So you are well on your way to mastering the ins and outs of speech therapy. The kids are happy. The parents are delighted. Even your clinical director is thrilled with the progress she sees in everyone on your caseload. With such glowing accolades pouring in from every corner, what could possibly go wrong?
1. You deliver speech therapy non-stop
Many therapists begin to think that the more they work, the better they will become. While there is a lot of truth in that, just like everything else, there is a limit. Aside from the concern of diminishing returns, such unabated intensity is a recipe for burnout. It is essential to take time between sessions to allow yourself to absorb the lessons each child is teaching you!
What’s more, it is crucial to put a cap on your preparation at home, not merely regarding time, but your activity as well. Try to save some “fun stuff” for the home such as creating new materials, laminating or even sharing new links with parents via email. And be sure to relax, and get some refreshment so that you can come in the next day’s speech therapy energized.
2. Trying to constantly be reinventing the wheel
It is a fundamental mistake to believe that you need to invest your creative juices in everything you do. There are plenty of excellent online resources that provide masterful materials, curricula, games, and activities that you need to access. Save some of your creativity and imagination for those critical interactions in the session, when it is just you and the child.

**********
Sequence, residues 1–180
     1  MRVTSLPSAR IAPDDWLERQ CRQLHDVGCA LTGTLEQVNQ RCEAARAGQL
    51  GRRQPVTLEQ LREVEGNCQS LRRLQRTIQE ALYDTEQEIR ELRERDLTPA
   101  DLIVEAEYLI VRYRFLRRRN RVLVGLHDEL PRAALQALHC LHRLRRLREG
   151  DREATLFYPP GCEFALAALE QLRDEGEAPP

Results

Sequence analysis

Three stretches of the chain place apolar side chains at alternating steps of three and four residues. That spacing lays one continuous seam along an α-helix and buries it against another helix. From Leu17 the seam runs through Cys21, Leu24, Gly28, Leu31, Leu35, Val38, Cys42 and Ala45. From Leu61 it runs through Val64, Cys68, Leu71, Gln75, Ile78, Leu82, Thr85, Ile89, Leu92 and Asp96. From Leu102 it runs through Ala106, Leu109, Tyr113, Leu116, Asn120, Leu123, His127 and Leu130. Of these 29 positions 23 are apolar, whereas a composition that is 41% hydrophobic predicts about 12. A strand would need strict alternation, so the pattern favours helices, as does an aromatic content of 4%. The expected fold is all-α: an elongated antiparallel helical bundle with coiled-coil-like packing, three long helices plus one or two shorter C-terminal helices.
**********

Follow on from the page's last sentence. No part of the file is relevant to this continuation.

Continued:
On a related note, it is important to be insightful about your strengths and weaknesses that become highlighted during the speech therapy session. An honest assessment will help you discover where you should be investing your time and energy between sessions to maximize the benefit for the children whom you serve.
3. Getting carried away with too many useful behavior management strategies
Many speech therapy clinicians recognize while still in graduate school that, for some kids, attitude and behavior will be problematic. To this end, they spend time learning different strategies and tactics to enhance the effectiveness of their sessions. While these therapists are right on the mark, they need to be judicious about how many they choose to implement.
Utilizing every one of these strategies and tactics has the potential to drive you crazy. You can’t give one kid stickers, the next one gum, and the third one a small toy. The shopping alone will exhaust you. So decide on a couple of systems that seem to work for most of your students and stick to them.
4. Unreasonable Expectations of Change
It is only natural that your enthusiasm, excitement and sincere dedication to the child’s improvement will translate into expecting that the change you and your student are working on to come quickly. However, know that this is a trap for both of you. For the child, it can bring undue pressure that will be counterproductive, and for you, it could lead to burnout.
Effective speech therapy follows a slow but steady course. What you seek is an organic change that will stand the test of time. So it behooves you, as the speech therapy clinician to convey to the child you are working with that small victories are worth celebrating. Following this path, you will be cultivating a happier, more successful child – just what you both want.